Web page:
In other words: when the Castros kick the bucket.

U.S. Congressional Delegation Leaves Cuba Empty-Handed 1

(Reuters) – A U.S. congressional delegation left Cuba on Wednesday after meetings with President Raul Castro and other top officials, but no sign the countries had resolved their latest dispute: the fate of imprisoned U.S. contractor Alan Gross. Delegation members and their staff said they were encouraged by the relaxed tone of their meetings and indications the Cuban side wanted the dialogue to continue.

Democratic Senator Patrick Leahy of Vermont canceled a news conference scheduled for Wednesday morning before taking a stroll with his wife in downtown Havana then leaving for Haiti. “We met with President Raul Castro and discussed the continuing obstacles and the need to improve relations between our two countries,” he said in a brief statement. Leahy said upon arrival in Cuba on Monday that he had spoken with President Barack Obama about the trip and would report back to his administration. He said the delegation hoped the imprisoned U.S. contractor would fly home with them, but added it was a long shot. Leahy and U.S. Representative Chris Van Hollen, a Democrat who represents Gross’ district in Maryland, visited the American contractor on Tuesday at a Havana military hospital where he is being held, a U.S. diplomat told Reuters. They had no comment on the visit.

Other members of the delegation included Republican Senator Jeff Flake of Arizona and Democratic Senators Debbie Stabenow of Michigan, Sherrod Brown of Ohio, Sheldon Whitehouse of Rhode Island and Democratic Representative Jim McGovern of Massachusetts.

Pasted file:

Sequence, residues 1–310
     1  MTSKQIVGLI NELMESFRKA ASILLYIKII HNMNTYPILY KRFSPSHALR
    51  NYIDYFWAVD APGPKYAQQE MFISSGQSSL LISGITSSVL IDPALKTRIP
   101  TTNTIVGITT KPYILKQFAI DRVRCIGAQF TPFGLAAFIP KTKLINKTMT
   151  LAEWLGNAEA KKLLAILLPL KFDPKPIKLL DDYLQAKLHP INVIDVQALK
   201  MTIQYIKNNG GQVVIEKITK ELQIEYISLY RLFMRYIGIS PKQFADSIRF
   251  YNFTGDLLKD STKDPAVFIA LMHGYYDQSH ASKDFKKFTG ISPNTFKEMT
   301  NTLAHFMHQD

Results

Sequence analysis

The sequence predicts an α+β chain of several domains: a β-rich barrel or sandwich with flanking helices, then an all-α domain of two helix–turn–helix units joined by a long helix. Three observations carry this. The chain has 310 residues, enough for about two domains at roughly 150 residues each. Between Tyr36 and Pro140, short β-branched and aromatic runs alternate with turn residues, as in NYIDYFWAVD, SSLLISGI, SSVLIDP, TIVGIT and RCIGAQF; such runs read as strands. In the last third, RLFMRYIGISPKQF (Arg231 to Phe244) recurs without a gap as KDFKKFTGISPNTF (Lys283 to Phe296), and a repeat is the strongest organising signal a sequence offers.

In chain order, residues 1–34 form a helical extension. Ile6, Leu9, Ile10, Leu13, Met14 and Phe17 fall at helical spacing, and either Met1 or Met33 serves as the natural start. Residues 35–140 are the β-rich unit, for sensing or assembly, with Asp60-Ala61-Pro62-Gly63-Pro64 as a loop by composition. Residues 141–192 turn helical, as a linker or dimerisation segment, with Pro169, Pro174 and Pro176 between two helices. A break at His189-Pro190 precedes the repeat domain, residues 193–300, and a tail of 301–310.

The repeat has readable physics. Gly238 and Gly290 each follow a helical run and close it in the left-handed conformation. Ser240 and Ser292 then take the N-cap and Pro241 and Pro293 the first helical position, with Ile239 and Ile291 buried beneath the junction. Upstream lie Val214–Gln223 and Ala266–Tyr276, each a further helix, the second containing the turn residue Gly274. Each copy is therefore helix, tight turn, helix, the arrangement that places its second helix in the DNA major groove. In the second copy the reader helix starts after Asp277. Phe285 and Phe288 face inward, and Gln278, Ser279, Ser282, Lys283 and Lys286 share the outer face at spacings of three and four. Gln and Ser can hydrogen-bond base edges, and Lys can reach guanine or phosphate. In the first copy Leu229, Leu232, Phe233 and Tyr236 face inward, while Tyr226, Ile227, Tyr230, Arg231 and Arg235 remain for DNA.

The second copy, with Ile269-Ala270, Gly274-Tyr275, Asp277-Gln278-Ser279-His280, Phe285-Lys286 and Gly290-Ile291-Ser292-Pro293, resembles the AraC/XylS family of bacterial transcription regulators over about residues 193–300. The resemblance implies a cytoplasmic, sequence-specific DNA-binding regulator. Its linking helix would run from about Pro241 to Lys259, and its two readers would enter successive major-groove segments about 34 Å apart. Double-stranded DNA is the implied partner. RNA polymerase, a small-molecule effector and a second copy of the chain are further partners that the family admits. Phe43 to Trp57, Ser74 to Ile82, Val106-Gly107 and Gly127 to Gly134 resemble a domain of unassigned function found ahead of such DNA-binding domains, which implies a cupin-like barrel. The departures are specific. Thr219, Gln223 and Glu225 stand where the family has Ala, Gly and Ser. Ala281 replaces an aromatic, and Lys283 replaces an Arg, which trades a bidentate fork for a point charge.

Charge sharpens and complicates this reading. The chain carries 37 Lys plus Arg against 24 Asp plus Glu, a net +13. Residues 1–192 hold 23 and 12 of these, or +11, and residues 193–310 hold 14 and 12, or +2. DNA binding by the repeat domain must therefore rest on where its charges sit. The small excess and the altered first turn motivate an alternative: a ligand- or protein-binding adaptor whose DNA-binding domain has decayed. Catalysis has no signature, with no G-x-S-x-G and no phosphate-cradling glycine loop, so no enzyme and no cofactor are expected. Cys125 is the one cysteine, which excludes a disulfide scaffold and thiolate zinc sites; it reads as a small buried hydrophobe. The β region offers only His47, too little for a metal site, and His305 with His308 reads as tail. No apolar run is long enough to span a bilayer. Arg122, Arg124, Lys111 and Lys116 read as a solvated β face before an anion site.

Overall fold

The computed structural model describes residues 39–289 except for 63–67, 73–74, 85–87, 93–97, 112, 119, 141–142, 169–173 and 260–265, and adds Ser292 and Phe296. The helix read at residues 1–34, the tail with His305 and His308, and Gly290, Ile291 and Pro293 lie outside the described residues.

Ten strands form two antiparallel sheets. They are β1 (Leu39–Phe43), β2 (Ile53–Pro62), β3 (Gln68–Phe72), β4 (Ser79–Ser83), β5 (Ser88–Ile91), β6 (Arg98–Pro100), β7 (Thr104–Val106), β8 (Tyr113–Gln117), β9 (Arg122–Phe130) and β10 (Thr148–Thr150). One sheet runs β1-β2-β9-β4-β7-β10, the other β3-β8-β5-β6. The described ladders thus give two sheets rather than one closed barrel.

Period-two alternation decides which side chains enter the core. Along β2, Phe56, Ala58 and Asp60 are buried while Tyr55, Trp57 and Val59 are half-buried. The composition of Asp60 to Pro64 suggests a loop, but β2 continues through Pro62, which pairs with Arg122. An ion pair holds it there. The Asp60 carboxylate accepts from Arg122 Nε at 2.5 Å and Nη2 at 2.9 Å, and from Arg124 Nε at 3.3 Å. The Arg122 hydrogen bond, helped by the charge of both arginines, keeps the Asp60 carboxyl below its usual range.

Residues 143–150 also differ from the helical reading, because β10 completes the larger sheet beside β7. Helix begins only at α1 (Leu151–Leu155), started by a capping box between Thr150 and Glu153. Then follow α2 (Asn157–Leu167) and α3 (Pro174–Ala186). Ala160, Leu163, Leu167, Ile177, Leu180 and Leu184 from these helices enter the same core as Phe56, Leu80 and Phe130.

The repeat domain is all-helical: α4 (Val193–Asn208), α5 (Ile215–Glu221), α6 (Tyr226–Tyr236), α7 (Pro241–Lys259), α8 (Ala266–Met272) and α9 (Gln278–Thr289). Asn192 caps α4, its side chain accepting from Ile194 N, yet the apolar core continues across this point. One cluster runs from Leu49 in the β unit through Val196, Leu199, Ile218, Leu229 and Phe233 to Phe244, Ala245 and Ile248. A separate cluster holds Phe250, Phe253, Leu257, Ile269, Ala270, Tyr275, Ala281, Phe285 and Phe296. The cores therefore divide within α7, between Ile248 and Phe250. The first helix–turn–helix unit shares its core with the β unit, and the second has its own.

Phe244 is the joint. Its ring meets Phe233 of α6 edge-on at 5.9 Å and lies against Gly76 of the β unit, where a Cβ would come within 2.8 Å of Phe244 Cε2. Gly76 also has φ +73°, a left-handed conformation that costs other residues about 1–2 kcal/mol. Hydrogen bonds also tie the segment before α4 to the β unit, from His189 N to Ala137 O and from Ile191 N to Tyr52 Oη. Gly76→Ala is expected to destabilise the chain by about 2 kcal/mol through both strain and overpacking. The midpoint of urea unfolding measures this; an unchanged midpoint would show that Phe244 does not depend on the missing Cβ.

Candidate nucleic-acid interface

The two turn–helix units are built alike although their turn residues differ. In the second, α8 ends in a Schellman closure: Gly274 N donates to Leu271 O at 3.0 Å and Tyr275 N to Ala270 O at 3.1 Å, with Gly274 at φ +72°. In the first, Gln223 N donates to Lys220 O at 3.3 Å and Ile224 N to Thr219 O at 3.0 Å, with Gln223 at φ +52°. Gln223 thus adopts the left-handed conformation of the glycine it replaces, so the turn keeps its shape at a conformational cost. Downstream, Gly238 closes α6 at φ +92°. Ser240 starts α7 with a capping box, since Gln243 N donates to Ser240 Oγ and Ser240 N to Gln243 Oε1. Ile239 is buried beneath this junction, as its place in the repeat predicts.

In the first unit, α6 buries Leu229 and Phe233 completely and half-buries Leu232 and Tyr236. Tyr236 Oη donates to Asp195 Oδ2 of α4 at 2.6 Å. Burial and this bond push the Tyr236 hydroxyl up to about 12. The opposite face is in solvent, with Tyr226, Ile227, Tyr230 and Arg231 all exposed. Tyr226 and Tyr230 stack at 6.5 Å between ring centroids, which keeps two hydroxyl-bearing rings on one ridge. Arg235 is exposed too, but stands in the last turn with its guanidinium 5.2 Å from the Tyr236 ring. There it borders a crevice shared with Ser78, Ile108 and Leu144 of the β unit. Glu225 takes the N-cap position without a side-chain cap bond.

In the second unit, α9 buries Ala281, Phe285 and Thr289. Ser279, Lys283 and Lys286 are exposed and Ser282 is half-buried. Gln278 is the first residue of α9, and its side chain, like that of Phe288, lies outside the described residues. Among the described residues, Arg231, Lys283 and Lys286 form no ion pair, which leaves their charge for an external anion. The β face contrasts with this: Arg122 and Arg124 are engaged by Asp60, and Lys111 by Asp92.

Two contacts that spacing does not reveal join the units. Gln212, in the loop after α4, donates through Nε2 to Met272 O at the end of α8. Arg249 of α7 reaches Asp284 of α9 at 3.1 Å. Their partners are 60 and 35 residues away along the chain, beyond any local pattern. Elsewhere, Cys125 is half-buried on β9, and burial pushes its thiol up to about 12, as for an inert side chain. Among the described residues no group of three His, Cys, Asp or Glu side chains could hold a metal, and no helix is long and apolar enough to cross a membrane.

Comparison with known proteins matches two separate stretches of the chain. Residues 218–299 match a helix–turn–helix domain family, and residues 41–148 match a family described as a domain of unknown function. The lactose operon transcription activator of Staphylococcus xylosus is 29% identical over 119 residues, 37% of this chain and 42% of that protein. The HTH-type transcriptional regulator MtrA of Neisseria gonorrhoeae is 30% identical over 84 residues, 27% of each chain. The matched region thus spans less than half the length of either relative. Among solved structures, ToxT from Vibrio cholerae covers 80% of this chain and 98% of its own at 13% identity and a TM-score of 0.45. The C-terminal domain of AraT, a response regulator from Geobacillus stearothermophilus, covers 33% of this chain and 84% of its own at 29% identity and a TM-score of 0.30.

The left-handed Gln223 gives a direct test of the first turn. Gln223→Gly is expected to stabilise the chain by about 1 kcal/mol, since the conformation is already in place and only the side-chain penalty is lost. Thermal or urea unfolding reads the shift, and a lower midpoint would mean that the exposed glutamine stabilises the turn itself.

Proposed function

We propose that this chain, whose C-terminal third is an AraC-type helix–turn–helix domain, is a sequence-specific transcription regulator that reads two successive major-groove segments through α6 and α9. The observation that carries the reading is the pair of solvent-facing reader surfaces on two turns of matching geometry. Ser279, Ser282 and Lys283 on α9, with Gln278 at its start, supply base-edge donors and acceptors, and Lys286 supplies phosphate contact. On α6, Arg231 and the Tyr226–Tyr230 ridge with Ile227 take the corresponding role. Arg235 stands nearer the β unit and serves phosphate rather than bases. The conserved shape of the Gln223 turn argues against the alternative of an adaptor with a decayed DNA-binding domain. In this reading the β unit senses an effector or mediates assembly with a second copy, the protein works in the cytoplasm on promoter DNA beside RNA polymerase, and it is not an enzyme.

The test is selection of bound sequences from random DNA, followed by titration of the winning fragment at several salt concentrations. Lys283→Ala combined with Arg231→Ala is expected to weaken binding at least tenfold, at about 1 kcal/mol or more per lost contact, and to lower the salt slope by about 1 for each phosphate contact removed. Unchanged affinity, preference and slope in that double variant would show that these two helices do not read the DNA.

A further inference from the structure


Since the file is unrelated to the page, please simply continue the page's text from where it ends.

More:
Leahy led a similar delegation to Cuba a year ago.

Gross, 63, was arrested in Havana in December 2009 and sentenced to 15 years in prison for installing Internet networks under a secretive U.S. program the Cuban government considers subversive. The United States insists Gross was merely helping the local population get connected as part of a democracy-building project. The case halted a brief detente in long-hostile U.S.-Cuba relations that marked the first months of Obama’s presidency.

Cuba has linked Gross’ fate to that of five Cuban agents imprisoned in the late 1990s for infiltrating Miami exile organizations and U.S. military bases. The agents, known as the Cuban Five, were sentenced to long terms, ranging from 15 years to life. They are considered heroes in Cuba, where more than a dozen exile-orchestrated attacks on international tourism facilities occurred in the 1990s.

The U.S. delegation was the first since Obama was re-elected and came just days before Castro was expected to be named for a second term on Sunday. Castro replaced his ailing brother, Fidel, as president in 2008. Despite political tensions that have led to the suspension of immigration and other talks, the two leaders have presided over an improvement in people-to-people contact, increased flows of cash remittances from Cuban Americans and continued U.S. food sales for cash.

Between 450,000 and 500,000 Cuban Americans and Americans visited Cuba last year, according to tourism industry sources, and food sales increased by $100 million to $457 million, making the United States one of Cuba’s top 10 trading partners and its second-largest provider of tourists after Canada.